American oil beetles, belonging to the family Meloidae, are a type of blister beetle due to their ability to release a toxic substance that causes blisters on the skin upon contact.
Found throughout the United States and Canada, these insects are known for their elongated, narrow, and soft bodies, with variations in size and color.
These beetles play a significant role in our ecosystem, as they feed on a variety of plant species, as well as other insects. Being opportunistic in their feeding habits, they can be pests in some agricultural areas and damage crops and flowers.
However, they also serve as natural controllers of insects that are detrimental to gardens and farms.
For those interested in learning more about American oil beetles, it is essential to understand their life cycle, habitats, and potential impacts on the environment.
Awareness of their unique characteristics and features can help individuals appreciate their role in nature and take appropriate measures when encountering them in the wild or in gardens.
Identification and Physical Description
Color and Size
The American Oil Beetle (Meloe americanus) is typically black or dark blue in color. Their size ranges from 0.4 to 1.4 inches (10 to 35 mm) in length.
- Cylindrical shape
- Overlapping plates on the abdomen
Elytra and Shell Covering
The American Oil Beetle’s elytra (hardened front wings) are shorter than their abdomen, giving them a unique appearance. This exposes the overlapping plates on their abdomen.
Antennae and Thorax
These beetles have clubbed antennae and a wide thorax.
|American Oil Beetle
|0.4 to 1.4 inches
Habitat and Diet
The American oil beetle (family Meloe) is a type of blister beetle found in various habitats across North America. They can be found in:
- Grasslands: Open fields provide an ample supply of host plants.
- Woodlands: The beetle can be found near the edges of forests, where host plants thrive.
These beetles are mostly associated with the following host plants:
- Wildflowers: Goldenrod, buttercup, and other nectar-providing plants.
- Grasses: Tall fescue and bluegrass are examples of suitable grasses.
American oil beetles have a diverse diet, which ranges from leaves and grasses to nectar and pollen. The adult beetles primarily feed on leaves and flowers, while larvae feed on the eggs and larvae of ground-nesting bees.
Here are some key aspects of their feeding habits:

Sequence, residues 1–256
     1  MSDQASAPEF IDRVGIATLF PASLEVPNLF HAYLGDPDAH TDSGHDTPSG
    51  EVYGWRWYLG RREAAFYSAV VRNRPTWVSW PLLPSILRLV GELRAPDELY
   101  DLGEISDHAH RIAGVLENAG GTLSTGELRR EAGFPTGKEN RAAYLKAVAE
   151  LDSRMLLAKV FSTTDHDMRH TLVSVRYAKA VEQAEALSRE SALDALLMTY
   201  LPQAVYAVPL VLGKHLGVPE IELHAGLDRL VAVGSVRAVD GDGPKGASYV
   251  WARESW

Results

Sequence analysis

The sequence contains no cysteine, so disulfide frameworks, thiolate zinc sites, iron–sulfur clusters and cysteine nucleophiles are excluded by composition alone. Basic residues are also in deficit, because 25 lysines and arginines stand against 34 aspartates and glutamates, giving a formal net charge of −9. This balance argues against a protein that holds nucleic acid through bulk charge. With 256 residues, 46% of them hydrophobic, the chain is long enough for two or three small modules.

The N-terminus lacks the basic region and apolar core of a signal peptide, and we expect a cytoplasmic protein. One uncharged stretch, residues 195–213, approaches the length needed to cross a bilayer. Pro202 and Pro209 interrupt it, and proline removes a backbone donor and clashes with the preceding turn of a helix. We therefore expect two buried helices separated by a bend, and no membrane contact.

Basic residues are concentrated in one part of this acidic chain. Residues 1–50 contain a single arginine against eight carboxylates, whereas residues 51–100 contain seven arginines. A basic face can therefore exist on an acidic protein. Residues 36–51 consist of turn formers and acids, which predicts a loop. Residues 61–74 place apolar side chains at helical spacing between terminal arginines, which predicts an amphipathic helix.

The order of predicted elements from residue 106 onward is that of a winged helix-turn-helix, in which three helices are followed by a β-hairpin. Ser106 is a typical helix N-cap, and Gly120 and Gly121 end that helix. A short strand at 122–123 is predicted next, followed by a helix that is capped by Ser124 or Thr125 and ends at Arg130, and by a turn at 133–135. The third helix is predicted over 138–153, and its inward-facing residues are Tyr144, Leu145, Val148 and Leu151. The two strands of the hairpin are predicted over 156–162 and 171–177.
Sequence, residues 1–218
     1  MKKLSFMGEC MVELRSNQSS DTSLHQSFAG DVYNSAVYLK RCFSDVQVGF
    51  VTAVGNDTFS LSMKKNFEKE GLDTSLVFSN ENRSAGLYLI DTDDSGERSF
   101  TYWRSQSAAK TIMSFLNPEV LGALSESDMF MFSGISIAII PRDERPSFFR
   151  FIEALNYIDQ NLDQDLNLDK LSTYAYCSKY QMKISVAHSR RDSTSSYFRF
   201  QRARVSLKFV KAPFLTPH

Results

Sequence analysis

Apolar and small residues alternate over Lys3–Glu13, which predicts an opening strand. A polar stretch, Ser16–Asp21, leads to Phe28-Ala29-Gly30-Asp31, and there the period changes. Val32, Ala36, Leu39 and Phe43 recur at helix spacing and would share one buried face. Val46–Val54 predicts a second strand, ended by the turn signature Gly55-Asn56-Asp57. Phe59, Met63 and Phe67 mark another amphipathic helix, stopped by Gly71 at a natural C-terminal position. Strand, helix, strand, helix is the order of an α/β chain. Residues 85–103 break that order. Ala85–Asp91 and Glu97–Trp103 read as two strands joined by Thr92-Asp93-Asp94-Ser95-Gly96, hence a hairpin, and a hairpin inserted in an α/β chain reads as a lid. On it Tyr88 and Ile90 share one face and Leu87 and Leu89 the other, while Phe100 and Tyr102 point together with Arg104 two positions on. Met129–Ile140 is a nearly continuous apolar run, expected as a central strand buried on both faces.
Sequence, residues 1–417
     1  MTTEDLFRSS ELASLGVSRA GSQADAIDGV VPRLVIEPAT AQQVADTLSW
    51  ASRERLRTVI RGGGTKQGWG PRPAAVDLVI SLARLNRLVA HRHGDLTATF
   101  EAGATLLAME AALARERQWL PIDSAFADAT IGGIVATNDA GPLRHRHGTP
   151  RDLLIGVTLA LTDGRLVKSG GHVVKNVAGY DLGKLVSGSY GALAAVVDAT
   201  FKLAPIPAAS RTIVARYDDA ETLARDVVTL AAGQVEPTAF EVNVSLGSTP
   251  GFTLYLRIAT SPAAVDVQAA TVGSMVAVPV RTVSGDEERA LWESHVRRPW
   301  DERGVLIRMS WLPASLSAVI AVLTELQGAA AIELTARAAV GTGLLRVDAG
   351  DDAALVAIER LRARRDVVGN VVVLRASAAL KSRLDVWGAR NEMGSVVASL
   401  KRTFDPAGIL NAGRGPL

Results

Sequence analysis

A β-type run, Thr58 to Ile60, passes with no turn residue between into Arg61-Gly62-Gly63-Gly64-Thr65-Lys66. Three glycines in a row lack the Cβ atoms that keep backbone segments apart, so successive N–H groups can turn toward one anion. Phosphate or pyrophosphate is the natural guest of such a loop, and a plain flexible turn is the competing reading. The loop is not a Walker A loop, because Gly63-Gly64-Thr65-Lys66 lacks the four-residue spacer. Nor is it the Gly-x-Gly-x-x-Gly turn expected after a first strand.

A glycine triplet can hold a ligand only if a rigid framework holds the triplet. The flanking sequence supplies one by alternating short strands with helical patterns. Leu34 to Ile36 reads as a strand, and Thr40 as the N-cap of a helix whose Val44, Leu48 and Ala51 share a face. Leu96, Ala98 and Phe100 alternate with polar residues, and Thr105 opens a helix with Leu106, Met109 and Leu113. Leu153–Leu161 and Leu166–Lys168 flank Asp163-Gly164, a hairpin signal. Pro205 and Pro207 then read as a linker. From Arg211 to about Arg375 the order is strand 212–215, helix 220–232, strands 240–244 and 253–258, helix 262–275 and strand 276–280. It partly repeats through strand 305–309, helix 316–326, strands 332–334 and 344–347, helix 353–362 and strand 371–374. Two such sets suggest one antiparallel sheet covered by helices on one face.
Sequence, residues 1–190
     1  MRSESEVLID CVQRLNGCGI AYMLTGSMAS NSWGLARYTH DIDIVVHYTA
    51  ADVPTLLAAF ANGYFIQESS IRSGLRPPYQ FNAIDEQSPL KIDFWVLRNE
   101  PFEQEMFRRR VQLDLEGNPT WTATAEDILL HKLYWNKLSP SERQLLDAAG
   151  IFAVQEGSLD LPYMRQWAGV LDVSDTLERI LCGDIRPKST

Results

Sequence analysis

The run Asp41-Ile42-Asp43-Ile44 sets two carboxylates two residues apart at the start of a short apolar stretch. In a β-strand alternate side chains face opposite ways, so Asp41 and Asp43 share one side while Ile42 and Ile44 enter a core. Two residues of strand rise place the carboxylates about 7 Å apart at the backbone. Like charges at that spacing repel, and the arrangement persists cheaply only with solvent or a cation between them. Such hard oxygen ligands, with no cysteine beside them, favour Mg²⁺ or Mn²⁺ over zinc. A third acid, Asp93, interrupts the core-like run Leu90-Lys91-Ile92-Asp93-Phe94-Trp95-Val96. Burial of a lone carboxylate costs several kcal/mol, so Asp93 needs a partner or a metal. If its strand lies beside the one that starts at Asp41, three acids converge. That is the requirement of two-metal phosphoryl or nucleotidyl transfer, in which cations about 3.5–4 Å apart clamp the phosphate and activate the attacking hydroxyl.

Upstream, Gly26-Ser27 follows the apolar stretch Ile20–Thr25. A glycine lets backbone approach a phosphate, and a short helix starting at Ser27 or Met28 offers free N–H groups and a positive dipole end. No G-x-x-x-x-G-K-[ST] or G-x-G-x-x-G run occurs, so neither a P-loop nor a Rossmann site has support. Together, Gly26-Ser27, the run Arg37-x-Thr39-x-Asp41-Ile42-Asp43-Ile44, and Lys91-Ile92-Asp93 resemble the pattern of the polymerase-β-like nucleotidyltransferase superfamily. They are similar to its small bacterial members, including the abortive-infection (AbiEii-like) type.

- Adults: They consume leaves and flowers of host plants, as well as nectar and pollen, which provide energy for mating and reproduction.
- Larvae: Predatory on the eggs and larvae of ground-nesting bees, which provide essential nutrients for growth and development.
Comparison Table: Diet of Adult and Larval American Oil Beetles
|Example Host Plants
|Leaves, flowers, nectar, and pollen
|Goldenrod, aster, bluegrass
|Eggs and larvae of ground-nesting bees
By understanding the habitat and diet preferences of the American oil beetle, one can better appreciate the important role they play in their ecosystem.
Life Cycle and Reproduction
Eggs and Larvae
American oil beetles belong to the genus Meloe, and their life cycle begins with eggs. Female beetles lay several eggs, which hatch into larvae called triungulins.
These grub-like larvae are adapted for a unique parasitic lifestyle as they hitch a ride on a male bee, eventually reaching the beehive. Some key features of triungulins include:
- Small and mobile
- Six legs
- Grub-like appearance
Pupa and Adult Stage
Once inside the beehive, the triungulins feed on bee eggs and provisions. After this stage, they enter pupal metamorphosis and develop into adult beetles. Highlights of adult American oil beetles:
- Large and black body
- Soft, heavily segmented abdomen
- Cannot fly
Mating and Pheromones
Mating in American oil beetles occurs via pheromones. Female beetles release pheromones to attract a male for reproduction.
|Responds to female pheromones
|Approaches and courts the female
|Attracts and mates with the male
After mating, the female lays her eggs, thus repeating the life cycle of American oil beetles.
Relation with Bees and Other Insects
Parasitic Relationship with Bees
The American oil beetle has a unique parasitic relationship with bees. These beetles lay their eggs near a bee nest, and their larvae, called “triungulins,” hitch a ride on the adult bees to gain access to the nest.